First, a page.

Chronic Wasting Disease (CWD) is invariably fatal for deer. A case was recently discovered in a Pennsylvania hunting preserve near the New York State’s Chautauqua County Border.
CWD causes extreme weight loss in deer, and lesions in their brains. It’s caused by a misfolded protein, known as a prion. The disease-associated prion causes normal proteins to also misfold.
The disease can incubate in a deer for around two years before it is visible. During this time, infected deers are highly contagious. CWD can spread from deer to deer simply through physical contact, and through fluids and feces as well.
The case of CWD in question was discovered in a fenced-in hunting preserve in Pennsylvania. Through an abundance of caution, deer were tested for CWD and euthanized in the preserve.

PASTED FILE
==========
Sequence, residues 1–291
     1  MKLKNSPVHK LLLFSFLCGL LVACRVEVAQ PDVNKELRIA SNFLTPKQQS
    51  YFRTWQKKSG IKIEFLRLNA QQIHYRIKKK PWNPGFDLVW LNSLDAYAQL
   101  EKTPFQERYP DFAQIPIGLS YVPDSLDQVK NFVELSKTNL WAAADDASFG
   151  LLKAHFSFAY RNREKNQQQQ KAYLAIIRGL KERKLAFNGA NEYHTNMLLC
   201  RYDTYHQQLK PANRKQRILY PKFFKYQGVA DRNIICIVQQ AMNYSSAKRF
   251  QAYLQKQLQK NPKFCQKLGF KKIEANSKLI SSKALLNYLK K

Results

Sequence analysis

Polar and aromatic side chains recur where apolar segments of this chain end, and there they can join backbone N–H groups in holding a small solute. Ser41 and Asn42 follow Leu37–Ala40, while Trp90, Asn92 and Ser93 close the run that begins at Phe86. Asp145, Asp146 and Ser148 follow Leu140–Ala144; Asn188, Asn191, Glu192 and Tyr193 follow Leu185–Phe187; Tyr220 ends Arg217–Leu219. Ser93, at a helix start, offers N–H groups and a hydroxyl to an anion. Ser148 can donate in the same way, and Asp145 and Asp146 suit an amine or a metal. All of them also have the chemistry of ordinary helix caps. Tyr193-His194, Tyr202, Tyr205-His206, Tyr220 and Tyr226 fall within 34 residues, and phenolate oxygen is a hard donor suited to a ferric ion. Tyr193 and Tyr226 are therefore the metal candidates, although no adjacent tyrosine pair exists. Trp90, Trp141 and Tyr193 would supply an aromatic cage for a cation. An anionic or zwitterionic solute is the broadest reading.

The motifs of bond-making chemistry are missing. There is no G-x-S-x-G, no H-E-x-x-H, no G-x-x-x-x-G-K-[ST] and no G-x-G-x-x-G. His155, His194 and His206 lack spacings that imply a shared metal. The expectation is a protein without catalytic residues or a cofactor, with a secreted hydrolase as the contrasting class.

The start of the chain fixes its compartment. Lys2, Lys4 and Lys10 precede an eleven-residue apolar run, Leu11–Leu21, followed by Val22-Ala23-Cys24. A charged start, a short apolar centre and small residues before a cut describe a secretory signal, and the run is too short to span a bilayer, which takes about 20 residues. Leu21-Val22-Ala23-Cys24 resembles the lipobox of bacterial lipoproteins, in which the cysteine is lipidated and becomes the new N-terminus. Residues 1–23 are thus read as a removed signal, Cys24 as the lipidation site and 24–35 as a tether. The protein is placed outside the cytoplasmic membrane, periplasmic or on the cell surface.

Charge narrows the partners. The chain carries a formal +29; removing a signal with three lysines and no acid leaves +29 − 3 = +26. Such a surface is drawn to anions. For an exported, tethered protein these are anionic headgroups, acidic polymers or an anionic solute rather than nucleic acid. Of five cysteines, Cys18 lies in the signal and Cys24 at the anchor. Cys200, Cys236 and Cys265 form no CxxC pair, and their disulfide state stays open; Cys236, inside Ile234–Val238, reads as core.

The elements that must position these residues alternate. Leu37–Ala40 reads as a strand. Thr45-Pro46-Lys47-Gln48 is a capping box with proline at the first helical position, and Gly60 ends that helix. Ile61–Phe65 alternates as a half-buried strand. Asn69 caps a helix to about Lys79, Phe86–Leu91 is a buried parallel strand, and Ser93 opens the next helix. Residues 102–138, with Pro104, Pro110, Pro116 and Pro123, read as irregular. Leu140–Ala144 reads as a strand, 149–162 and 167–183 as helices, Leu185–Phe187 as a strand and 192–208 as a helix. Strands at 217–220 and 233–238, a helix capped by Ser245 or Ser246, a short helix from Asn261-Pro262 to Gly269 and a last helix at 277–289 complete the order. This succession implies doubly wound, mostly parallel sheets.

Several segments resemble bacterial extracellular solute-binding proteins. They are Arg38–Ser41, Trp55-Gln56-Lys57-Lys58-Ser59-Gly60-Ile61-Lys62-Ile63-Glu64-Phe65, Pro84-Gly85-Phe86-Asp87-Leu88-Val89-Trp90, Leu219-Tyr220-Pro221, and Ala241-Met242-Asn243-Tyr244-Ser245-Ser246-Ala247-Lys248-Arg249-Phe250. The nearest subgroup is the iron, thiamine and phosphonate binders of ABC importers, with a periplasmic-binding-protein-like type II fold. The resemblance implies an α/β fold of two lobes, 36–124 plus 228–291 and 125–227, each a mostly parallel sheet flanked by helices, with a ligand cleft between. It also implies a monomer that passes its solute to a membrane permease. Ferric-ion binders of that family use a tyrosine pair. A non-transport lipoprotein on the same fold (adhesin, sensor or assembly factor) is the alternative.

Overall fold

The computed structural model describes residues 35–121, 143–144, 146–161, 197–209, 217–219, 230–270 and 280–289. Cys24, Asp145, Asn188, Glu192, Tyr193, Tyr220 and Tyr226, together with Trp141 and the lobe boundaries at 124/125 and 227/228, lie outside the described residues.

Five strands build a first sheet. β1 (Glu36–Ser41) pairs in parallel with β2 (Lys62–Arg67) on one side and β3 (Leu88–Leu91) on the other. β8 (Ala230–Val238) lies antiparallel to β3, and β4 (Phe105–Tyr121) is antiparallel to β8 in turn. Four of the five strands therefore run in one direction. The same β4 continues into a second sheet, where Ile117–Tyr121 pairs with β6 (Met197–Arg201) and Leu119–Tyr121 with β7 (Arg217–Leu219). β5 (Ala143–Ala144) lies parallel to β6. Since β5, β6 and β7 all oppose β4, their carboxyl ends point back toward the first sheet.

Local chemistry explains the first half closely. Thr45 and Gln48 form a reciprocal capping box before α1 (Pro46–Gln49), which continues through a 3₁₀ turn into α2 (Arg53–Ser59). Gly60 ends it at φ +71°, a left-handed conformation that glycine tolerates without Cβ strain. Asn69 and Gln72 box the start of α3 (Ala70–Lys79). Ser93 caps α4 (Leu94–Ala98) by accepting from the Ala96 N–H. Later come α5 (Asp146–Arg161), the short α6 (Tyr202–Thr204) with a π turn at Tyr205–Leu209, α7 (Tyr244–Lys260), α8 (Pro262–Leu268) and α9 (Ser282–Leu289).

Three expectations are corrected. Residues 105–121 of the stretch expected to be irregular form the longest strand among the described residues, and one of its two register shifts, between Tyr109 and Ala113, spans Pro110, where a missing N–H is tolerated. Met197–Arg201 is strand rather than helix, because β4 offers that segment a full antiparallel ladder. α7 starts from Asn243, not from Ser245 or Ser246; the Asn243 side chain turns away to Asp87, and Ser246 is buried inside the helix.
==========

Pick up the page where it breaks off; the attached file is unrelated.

Krysten Schuler is an CWD expert at the Cornell College of Veterinary Medicine. She said this latest case of CWD will ratchet up New York’s already strong preventive measures.
She is urging a thorough investigation be made to make sure the disease did not make it through the preserve’s fence and into New York’s wild deer populations.
New York has not had a known case of CWD since 2005. It’s the only state to have successfully removed the disease from its borders. Schuler says hunters should visit the Cornell Wildlife Health Lab and DEC websites to familiarize themselves with CWD, and the role they can play in preventing Chronic Wasting Disease from spreading.